I LOVE hearing from you!

19 Responses to Want to WIN? Learn to QUIT—BJJ and the Power of Quitting

  1. Another excellent post! Kristen, thank you for taking the time to explain this concept. Though I was not aware of it, until I read your post, I have been watching this concept of ‘quitting to win’ for months, as my husband improves his skills at playing the guitar.
    At first, I thought he would never learn to play well because he seemed to quit after a short time (as a veteran of piano lessons, I was used to being forced to sit there and practice until the timer buzzed.)
    But, my husband quit.
    Imagine my surprise, when I realized I recognized songs.
    How had he learned to play something complex, when he kept quitting?
    I asked.
    He explained that to play, he had to gain strength in his fingers and stretch them to play the notes, but he also needed to keep a relaxed grip. He added that when he would begin to get tired or tense, he would hold too tight and make mistakes… that if he had kept practicing, it would have been wasted time and effort. Furthermore, he would probably have given up.
    If that isn’t another example of your quit to win philosophy, I don’t know what is 😉

  2. Eeeesh…I’m guilty of persisting to the point of stupidity. I don’t know if this happens to you, but in many areas of my life, I get to the spot where I need to quit, or at least quit my current course of action, but simply don’t know what to do next. The logical thing seems to be-ask for help. Or at least stop digging. Thanks for the reminder.

  3. Awesome post, Kristen.

    I’ve learned to trust my gut, and yes, it does tell me when to quit. I’ve started an exercise regimen since March (when I turned 32, lol) and the goal is to exercise at least 3 times a week. But some weeks, I just knew I had to quit on these, because I would’ve probably injured myself as my body just wasn’t “feeling” it.

    So to me, it all comes down to trusting your gut. I went indie this year with my writing, after a 4-year career with epublishers…and in a way, it’s like starting from scratch again because I wasn’t indie before. Could I have stuck with the publisher and kept pushing along? Of course I could’ve…but it just wasn’t working for me anymore, so I quit. I might be starting from scratch yet again but I am more at peace with myself. It might take me another 4-5 years to build an indie readership, but I know I feel better in my skin now, and that’s what’s important. Success to me means feeling the best I can in any given situation, and my definition of success is happiness in everything I do. I wouldn’t trade that for anything, so yeah, that did imply quitting and I did it. 🙂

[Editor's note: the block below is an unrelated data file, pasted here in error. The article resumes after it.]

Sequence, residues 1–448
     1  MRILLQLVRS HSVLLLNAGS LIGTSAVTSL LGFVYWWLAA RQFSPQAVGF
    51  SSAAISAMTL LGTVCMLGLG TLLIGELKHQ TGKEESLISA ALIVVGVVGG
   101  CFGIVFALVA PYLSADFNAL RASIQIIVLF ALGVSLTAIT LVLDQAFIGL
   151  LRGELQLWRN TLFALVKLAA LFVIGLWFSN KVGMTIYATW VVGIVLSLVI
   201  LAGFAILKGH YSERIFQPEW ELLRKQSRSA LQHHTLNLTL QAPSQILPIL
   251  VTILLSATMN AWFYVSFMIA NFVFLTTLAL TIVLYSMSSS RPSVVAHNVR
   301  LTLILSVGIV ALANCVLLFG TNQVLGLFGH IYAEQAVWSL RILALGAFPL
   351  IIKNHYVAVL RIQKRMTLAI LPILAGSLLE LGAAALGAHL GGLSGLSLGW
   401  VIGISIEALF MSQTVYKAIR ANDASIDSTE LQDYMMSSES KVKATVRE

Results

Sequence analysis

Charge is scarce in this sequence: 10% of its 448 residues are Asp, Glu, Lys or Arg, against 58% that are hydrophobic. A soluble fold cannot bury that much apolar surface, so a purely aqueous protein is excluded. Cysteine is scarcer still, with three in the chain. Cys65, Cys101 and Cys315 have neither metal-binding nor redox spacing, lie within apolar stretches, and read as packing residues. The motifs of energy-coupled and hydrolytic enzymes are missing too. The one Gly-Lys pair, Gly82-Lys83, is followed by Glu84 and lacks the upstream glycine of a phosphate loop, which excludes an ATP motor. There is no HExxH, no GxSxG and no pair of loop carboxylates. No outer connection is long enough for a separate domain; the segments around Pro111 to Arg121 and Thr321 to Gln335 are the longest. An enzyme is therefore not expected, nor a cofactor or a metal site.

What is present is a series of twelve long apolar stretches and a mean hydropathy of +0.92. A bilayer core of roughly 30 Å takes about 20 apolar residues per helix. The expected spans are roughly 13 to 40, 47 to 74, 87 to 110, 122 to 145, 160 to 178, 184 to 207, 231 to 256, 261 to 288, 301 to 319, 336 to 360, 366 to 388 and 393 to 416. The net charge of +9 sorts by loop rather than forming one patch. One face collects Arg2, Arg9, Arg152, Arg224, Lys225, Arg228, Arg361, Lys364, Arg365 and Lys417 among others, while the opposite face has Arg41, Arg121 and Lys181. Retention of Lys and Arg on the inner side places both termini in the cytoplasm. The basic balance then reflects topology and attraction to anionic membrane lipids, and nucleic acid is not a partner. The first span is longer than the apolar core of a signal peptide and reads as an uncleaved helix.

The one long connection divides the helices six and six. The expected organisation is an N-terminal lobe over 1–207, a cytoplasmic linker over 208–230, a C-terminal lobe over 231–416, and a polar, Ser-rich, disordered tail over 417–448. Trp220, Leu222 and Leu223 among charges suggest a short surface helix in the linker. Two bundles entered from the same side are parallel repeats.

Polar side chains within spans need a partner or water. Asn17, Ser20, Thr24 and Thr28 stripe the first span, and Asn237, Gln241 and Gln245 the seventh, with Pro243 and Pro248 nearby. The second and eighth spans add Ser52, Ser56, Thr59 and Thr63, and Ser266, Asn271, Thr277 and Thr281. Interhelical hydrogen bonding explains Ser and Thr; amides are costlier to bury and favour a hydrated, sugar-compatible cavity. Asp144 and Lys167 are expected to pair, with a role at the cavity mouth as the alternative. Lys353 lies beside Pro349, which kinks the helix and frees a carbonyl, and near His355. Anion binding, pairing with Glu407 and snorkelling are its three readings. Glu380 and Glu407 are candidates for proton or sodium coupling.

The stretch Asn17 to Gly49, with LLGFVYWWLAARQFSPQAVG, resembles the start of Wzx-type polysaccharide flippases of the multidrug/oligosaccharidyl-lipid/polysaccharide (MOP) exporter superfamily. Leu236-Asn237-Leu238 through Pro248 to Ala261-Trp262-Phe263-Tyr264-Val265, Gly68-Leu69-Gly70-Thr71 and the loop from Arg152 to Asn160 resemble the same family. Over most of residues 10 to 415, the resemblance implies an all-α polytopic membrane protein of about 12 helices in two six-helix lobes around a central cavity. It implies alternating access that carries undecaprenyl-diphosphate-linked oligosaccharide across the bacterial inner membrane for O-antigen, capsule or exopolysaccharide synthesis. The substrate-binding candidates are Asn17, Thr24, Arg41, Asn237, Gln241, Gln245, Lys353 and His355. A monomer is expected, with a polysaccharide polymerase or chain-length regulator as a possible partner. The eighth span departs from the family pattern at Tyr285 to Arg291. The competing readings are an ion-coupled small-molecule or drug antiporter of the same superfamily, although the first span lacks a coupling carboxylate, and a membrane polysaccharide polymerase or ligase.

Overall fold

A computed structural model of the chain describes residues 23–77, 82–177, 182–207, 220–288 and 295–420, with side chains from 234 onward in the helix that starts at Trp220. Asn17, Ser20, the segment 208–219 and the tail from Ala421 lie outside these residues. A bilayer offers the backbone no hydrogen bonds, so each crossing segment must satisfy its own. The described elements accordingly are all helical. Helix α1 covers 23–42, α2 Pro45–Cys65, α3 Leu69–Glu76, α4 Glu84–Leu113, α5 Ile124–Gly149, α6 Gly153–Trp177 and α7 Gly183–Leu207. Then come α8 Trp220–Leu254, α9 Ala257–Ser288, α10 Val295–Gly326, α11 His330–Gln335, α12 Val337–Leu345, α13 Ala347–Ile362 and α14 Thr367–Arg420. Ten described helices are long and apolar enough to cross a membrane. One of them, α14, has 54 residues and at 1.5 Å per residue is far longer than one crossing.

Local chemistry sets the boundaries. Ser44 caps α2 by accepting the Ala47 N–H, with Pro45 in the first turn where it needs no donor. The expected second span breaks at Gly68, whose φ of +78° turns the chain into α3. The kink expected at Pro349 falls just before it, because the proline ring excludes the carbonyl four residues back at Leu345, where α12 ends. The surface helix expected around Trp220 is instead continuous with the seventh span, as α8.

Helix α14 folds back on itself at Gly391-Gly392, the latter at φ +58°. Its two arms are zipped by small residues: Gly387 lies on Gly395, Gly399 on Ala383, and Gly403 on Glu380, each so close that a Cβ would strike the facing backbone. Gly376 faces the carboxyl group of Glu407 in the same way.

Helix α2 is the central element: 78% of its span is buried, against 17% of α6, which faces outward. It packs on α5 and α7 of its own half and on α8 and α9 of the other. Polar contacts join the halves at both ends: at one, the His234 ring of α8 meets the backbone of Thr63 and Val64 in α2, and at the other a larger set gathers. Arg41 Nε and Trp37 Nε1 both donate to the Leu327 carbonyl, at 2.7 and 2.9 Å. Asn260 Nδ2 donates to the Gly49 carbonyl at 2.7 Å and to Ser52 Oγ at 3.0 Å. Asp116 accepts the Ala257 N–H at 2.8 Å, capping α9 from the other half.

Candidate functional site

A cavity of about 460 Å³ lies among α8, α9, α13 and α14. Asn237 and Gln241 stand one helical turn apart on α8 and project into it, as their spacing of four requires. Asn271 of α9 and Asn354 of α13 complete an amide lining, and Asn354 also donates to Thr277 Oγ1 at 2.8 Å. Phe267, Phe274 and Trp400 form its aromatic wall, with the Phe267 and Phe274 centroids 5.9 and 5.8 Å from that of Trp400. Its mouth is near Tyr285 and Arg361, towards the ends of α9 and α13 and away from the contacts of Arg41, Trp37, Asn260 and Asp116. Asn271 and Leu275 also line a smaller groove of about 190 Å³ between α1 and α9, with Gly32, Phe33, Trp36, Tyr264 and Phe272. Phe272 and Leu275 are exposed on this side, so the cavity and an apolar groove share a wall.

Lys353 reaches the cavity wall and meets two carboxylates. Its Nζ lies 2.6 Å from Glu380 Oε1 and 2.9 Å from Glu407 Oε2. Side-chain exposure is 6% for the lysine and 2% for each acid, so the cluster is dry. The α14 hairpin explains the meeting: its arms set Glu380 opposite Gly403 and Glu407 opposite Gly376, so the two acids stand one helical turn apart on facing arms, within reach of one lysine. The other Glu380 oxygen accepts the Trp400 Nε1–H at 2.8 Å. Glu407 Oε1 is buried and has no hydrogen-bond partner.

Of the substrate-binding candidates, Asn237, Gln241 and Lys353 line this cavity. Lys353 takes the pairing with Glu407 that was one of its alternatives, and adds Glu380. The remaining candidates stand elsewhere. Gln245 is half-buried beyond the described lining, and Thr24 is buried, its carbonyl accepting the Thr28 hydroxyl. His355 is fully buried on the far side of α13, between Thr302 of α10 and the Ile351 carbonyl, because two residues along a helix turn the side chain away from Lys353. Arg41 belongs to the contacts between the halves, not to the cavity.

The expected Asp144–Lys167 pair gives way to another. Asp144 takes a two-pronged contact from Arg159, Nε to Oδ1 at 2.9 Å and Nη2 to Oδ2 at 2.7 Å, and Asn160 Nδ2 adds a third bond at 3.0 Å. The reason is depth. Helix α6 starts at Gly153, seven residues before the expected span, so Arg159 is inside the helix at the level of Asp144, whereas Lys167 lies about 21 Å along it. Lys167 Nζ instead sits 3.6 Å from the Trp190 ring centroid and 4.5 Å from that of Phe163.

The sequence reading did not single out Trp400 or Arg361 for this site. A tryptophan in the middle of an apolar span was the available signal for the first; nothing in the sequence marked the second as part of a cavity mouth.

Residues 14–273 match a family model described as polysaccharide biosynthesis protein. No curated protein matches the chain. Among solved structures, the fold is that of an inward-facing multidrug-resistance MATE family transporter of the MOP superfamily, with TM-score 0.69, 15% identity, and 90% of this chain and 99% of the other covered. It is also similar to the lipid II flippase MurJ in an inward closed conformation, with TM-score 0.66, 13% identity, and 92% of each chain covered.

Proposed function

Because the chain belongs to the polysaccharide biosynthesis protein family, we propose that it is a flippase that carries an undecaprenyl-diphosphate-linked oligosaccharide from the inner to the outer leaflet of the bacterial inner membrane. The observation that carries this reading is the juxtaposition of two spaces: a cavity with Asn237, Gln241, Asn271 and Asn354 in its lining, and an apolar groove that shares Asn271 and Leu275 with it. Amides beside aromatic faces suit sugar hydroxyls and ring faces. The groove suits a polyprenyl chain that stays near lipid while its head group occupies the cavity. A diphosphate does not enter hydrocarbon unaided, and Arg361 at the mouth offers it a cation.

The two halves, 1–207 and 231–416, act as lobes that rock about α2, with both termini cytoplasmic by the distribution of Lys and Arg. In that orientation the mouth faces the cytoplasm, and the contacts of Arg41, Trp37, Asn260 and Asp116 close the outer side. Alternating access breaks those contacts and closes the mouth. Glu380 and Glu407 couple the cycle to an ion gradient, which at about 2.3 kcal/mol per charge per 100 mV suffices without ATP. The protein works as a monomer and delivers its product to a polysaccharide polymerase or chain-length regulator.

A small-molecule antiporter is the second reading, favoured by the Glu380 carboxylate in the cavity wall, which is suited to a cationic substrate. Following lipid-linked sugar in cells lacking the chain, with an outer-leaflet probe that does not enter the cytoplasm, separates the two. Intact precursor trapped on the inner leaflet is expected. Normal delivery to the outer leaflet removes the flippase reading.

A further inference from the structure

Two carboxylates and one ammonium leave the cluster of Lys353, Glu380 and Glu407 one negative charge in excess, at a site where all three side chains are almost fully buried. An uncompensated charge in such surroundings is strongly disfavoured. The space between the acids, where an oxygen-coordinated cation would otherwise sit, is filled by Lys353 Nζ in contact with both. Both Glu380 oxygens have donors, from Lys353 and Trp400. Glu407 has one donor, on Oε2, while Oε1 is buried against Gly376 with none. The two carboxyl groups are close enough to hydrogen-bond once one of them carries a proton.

Thanks again for telling us that it’s okay to be people! <3 *hugs*

  4. Another example of productive quitting. I was in the ministry for over 10 years and one of my responsibilities was to work with the financial books. Several years ago life happened and I quit. Understandably my quitting was not looked at favorably. I got a “real” job in finances and have learned a lot.

    Recently, I got back in part time to help with the books. The knowledge I have now is making a substantial impact in my understanding of how to bring better order at my church. Go figure.

  5. Hahaha!

    According your definition, I’m pretty stupid. I tend to pursue things until there is nothing left for me to give, except up.

    I like the way you illustrate your thought with your BJJ, it really brought the point home to me.

    Thanks, Kristen. I am going to go back and start over on my stalled novel, using your BBT example from your other blog. (My current BBT is pretty much as effective as wet toilet paper.)

  6. Excellent article and hitting home…like usual. Recently, I went through a transformation. I am 42 years old and crossfit. My ego battled incessantly with my misconstrued view of ‘age’. I kept hurting myself because I still thought like a 20 year old, yet would make excuses that I couldn’t do certain movements because I was ‘old’. I was getting nowhere fast. Finally, I had to quit. Not crossfit, but my old way of thinking. I acknowledged that I wasn’t 20 anymore, I was 42 and had to start thinking like one. I took a step back, slowed down and started healing my injuries. My mindset changed and now I’m progressing, not injuring myself, and content that I will, indeed, get that elusive muscle-up one day. Quitting can be a liberating thing. 🙂

  7. Count me among the ranks of those who hate to be a beginner. To the point of stupidity? Yup, been there, too. Thanks Kristin, for a refreshing and timely blog on how to move on in order to be more productive.

    That damn ego. Trips me up every blasted time.

    ; )

  8. I really liked your analysis of that old quote about quitting. It reminded me of the old saying about the definition of insanity, i.e. doing the same thing over and over, but expecting different results. There is a time to quit, and a time to hang in there. I guess wisdom is knowing when to do which.

  9. Hi Kristen,

    I would like to link back to this on my blog, but don’t know how to do it as there is no “reblog” this button or WordPress option to do so that I can find.

    Smiles, Nancy

  10. I love this idea of recognizing the component of learning as opposed to winning. We are so hard on ourselves it seems that we forget that we can walk away and still take the experience with us.